Palmy’s Plastic Pollution Strategy: Workshop outcomes
To help develop a community-based “Plastic Pollution Strategy” for Palmerston North City (and eventually the entire Manawatu region), participants in the Palmy Plastic Pollution Challenge (PPPC) and members of the Palmerston North general public were invited to participate in a 22 June 2019 workshop held at Te Manawa Museum.
This report synthesises some of the key initiatives and ideas recommended by workshop participants:
- A neighbourhood pilot project to enhance care and connection to Palmerston North’s urban waterways;
- Action on plastic food packaging;
- Suggestions for Palmerston North City Council (PNCC) waste and recycling infrastructure and services;
- Ideas for education and awareness raising around plastic pollution to promote behaviour change among Palmerston North residents;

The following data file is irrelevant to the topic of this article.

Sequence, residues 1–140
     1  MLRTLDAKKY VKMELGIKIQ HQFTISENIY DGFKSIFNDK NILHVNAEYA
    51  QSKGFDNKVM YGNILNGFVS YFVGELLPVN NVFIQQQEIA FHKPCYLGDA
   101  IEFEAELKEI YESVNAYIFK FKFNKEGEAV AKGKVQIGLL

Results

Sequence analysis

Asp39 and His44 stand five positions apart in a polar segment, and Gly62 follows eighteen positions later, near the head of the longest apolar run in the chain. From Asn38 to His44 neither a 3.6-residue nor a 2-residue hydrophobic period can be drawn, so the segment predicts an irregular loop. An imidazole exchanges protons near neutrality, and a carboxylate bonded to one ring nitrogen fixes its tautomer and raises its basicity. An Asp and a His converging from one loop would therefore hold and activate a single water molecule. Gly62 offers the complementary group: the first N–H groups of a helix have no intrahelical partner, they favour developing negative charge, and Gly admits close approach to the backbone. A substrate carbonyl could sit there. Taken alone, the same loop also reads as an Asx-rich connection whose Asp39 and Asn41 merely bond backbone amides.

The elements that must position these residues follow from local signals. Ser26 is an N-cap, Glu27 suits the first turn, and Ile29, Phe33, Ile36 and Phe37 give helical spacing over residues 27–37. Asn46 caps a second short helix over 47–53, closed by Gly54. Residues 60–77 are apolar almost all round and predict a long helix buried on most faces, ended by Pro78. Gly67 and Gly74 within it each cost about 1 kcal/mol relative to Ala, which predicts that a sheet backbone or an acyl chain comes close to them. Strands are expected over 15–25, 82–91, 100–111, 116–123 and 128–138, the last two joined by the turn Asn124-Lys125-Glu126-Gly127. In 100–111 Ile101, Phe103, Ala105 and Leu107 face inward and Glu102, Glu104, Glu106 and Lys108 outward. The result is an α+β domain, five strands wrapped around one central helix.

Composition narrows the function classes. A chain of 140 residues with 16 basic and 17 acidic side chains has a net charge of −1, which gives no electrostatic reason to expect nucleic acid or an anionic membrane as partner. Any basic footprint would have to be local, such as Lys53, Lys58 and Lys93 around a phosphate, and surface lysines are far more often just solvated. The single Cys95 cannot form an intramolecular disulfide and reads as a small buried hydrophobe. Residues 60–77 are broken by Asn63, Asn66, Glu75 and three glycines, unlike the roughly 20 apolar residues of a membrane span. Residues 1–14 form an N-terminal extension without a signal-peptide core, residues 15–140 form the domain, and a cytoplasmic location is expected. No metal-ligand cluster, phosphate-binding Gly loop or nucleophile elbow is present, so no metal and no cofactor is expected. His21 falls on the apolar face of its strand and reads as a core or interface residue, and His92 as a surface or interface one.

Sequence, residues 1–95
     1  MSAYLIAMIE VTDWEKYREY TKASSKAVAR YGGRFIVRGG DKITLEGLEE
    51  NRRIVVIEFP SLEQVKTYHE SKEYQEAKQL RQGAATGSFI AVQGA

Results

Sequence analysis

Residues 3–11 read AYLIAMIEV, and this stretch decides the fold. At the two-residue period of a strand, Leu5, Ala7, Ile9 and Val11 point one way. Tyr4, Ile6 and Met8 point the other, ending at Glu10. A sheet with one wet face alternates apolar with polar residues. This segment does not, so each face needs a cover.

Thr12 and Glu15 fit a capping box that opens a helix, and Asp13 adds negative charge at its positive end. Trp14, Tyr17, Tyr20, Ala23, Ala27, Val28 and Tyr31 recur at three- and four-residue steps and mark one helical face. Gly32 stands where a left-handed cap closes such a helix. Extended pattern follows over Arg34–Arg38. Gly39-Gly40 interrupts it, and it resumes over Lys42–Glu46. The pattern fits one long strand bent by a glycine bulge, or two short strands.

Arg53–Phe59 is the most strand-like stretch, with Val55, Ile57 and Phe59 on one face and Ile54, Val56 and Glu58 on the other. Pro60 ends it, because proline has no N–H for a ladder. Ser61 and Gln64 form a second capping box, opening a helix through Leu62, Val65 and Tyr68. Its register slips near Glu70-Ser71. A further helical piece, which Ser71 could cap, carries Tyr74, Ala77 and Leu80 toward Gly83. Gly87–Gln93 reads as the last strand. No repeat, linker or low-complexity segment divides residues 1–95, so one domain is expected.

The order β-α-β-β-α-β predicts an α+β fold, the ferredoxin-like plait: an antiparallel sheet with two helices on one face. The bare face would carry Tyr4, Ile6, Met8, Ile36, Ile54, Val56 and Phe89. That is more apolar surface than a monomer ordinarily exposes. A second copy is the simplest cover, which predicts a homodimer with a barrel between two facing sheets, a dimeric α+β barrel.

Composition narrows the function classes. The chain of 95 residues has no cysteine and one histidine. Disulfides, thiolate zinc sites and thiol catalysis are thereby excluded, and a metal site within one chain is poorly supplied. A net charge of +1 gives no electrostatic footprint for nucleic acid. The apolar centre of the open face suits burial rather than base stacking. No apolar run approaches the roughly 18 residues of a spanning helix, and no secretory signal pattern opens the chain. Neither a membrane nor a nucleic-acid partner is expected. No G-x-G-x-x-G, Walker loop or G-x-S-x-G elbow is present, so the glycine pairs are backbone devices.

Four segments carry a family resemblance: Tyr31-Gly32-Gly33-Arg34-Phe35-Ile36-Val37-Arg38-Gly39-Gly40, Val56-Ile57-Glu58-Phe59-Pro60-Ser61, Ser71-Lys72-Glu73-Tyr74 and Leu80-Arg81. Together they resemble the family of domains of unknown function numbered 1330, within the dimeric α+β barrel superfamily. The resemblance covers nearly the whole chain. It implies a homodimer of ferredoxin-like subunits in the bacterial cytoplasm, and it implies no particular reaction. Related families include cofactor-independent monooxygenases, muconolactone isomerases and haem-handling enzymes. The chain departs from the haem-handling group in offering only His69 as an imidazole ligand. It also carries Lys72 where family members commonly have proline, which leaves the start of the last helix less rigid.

- Schools-based initiatives and youth engagement;
- Advocacy for changes in central government waste policies and programmes;
- Clean-up initiatives, including actions suitable for annual programs such as World Cleanup Day in September.
A 2-page summary report of participant ideas can be viewed here, while you can access the full report and appendices via the links provided on this page.
The Palmy Plastics Pollution Challenge team are grateful for the work of Sharon Stevens, Slow Farm Ltd in facilitiating the workshop and preparing these reports.
Read the Palmy's Plastic Pollution Challenge (PPPC) report here
Palmy's Plastic Pollution Strategy Workshop, 22 June 2019
Turitea and Kahuterawa Research Report
In November 2019, a Massey student Arsenia Ximenez De Cruz chose seven random sampling sites along the Turitea and Kahuterawa streams, which are on the Massey side of Palmerston North to explore litter density in a more rural setting, using the PPC methodology.
Read the 2020-21 Plastic Pollution Challenge Project Report.
Published in October 2021 this documents all history, strategies, workshops, events and stream sampling data linked to the project for its duration and celebrates the people, and organisations that made it happen.
Click here to read the full report